This is a partial transcript from "On the Record," March 11, 2005, that has been edited for clarity.
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GRETA VAN SUSTEREN, HOST: After [Atlanta shooting suspect] Brian Nichols murdered the judge, the court reporter and the deputy, he fled the courthouse, and he then carjacked a newspaper reporter at gunpoint.
Joining us in Atlanta is the carjacking victim, Don O'Briant of The Atlanta Journal-Constitution.
Don, you're actually a very lucky man tonight in spite of your experience.
DON O'BRIANT, THE ATLANTA JOURNAL-CONSTITUTION: Yes, I am. I'm very lucky.
VAN SUSTEREN: Don, tell us what happened? First of all, what were you doing in the area of the courthouse this morning?
O'BRIANT: Well, I was going to Centennial Garage where I always park on the way to work, and I had just pulled into my parking space when an SUV pulled in beside me, and there was a black man with no shirt on in it.
He stood up and asked me asked me directions to Lennox Square, and, as I was explaining how to get there, he walked around and pulled out a gun and said give me your keys or I'll kill you. I gave him my keys, and I thought he wanted my wallet, took, but, instead, he opened my trunk and tried to get me to get in the trunk, and I refused.
And he threatened me again. I took a step back, and then he came and hit me with his pistol and knocked me to the ground. I scrambled to my feet and managed to make it to Marietta Street, and, apparently, he didn't follow me. He drove away my car.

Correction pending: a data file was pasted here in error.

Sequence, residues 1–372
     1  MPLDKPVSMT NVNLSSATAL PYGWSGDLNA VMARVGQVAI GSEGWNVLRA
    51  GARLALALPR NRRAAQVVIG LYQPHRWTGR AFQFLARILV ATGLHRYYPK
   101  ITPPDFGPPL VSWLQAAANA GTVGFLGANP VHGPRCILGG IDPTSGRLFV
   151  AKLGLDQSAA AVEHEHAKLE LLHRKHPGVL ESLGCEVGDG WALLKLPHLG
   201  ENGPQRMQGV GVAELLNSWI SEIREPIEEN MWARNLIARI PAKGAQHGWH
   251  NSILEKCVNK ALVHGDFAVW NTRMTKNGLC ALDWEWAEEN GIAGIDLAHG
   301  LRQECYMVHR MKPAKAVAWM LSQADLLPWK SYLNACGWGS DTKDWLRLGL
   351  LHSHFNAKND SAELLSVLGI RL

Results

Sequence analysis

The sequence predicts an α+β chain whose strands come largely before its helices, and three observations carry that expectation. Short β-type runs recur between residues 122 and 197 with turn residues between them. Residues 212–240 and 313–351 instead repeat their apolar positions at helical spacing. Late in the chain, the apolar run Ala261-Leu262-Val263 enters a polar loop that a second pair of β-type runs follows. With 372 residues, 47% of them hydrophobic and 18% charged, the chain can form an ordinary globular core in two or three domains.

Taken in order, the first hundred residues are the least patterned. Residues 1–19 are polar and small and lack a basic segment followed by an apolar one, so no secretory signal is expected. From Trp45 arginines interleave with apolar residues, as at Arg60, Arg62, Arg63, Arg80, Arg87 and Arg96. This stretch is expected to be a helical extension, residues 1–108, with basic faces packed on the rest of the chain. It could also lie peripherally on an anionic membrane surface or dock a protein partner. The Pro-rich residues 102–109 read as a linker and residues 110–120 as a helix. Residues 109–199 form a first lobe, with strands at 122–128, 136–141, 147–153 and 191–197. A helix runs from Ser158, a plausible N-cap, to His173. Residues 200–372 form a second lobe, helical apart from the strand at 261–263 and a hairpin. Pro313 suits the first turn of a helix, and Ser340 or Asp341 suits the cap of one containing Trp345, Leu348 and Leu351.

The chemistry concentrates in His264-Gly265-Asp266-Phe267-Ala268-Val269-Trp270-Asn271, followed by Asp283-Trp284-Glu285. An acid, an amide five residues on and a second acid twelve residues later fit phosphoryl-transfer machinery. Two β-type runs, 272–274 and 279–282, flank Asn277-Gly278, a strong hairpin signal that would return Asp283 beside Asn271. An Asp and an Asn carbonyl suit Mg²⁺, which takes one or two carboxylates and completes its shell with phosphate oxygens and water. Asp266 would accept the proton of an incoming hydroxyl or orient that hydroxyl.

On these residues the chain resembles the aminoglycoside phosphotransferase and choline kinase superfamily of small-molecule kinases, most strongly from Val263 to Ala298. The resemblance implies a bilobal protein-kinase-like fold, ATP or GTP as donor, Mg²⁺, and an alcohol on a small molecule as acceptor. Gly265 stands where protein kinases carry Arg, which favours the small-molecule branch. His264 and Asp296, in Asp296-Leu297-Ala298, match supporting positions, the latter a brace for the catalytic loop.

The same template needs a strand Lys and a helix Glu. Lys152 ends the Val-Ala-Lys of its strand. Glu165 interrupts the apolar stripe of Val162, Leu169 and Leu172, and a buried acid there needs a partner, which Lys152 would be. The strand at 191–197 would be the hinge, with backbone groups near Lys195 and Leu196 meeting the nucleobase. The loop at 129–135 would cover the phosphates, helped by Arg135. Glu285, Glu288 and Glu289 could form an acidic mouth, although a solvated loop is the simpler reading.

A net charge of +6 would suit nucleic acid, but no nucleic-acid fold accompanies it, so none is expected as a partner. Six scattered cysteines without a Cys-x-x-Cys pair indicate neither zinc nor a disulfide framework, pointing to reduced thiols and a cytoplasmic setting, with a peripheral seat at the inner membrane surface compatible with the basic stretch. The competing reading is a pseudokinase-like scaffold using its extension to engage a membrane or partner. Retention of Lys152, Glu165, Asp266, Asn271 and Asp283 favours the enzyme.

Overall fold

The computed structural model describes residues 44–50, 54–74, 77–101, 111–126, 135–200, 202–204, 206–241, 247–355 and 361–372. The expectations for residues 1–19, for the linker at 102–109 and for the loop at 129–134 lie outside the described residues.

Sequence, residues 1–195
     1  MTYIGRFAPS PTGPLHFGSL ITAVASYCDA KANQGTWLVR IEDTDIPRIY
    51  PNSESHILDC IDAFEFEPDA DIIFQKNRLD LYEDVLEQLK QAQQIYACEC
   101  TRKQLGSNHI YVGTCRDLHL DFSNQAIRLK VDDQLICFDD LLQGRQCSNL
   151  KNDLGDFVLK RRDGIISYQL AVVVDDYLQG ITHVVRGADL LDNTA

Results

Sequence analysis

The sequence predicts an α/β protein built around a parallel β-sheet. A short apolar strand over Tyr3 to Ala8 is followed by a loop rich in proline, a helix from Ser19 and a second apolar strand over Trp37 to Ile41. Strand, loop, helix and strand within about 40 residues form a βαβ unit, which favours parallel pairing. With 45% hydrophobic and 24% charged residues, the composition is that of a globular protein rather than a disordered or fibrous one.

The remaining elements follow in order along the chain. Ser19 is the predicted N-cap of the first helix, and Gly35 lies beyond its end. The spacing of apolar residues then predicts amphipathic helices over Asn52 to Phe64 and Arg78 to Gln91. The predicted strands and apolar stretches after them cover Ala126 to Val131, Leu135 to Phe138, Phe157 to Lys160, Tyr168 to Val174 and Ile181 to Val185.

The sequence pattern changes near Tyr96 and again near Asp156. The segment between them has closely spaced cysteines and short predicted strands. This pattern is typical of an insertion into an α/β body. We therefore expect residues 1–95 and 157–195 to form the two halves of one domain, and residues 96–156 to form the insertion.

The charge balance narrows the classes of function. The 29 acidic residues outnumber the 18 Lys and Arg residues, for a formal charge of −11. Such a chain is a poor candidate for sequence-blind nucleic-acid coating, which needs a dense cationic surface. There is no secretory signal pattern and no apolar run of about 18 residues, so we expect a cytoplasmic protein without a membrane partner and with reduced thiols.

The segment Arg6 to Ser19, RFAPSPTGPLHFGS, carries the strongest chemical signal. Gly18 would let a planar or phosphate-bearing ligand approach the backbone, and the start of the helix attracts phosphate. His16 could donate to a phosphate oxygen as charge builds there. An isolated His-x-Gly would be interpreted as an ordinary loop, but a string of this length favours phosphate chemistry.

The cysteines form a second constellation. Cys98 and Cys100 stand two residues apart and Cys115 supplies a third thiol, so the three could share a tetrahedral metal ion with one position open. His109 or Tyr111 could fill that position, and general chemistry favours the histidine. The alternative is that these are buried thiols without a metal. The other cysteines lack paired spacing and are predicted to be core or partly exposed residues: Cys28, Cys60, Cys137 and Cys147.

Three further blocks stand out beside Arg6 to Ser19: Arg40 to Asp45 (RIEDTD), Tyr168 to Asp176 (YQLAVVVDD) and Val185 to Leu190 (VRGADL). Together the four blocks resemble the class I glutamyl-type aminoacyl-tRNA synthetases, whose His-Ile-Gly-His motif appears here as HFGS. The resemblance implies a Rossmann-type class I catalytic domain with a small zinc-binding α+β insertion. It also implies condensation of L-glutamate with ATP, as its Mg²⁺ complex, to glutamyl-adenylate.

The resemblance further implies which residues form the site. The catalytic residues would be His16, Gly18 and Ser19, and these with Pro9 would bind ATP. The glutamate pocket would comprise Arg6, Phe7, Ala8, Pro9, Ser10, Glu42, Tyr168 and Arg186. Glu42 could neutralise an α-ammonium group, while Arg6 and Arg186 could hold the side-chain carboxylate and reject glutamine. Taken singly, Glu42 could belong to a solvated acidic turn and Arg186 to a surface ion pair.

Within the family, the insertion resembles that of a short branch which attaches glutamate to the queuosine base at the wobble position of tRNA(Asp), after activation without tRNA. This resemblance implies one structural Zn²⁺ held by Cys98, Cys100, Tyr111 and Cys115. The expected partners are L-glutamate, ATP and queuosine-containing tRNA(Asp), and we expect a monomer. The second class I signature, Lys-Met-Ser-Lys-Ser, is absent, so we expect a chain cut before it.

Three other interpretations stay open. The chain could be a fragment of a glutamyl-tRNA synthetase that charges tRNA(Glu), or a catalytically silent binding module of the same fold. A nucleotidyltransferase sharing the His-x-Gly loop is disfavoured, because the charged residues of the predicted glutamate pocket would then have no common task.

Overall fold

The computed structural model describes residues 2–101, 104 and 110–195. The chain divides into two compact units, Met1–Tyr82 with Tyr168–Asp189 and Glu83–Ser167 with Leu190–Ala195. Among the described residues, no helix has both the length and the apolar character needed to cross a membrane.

VAN SUSTEREN: When you say you managed to make it to Marietta Street, I take it you took off fast? I mean, you were running?
O'BRIANT: I couldn't walk very fast. I was stumbling because there was blood in my left eye. I couldn't see, and I was still kind of dazed, and I was trying to find anyone to help, but there was no one in that part of town at that moment. And I happened to make it.
A couple of blocks away, I ran into a reporter from the paper who said that there had been a similar carjacking down the street, and the police were down there interviewing the woman. So we went down there, and I gave them the information about the car.
VAN SUSTEREN: All right. And you said that the man had no shirt on. That's the first I've heard that. Do you recall, you know, what his pants looked like, because people are desperately trying to locate this man, and we know that he was last seen in a green Honda, but shirtless may help a little bit more, but he may have gotten one by now.
O'BRIANT: Yes, I had no idea. I know he had dark pants, but, when he pulled the gun, that was the only thing I saw for a while there.
VAN SUSTEREN: But are you certain he had no shirt on?
O'BRIANT: From what I could tell in the car, he didn't. But I figured that since there was a basketball tournament in town, sometimes fans show up in weird outfits or even no shirts, so I didn't take it as that unusual.
VAN SUSTEREN: About how far is that parking lot from the courthouse?
O'BRIANT: I'm not sure. It's, you know, a block across -- right across the street from the CNN Center.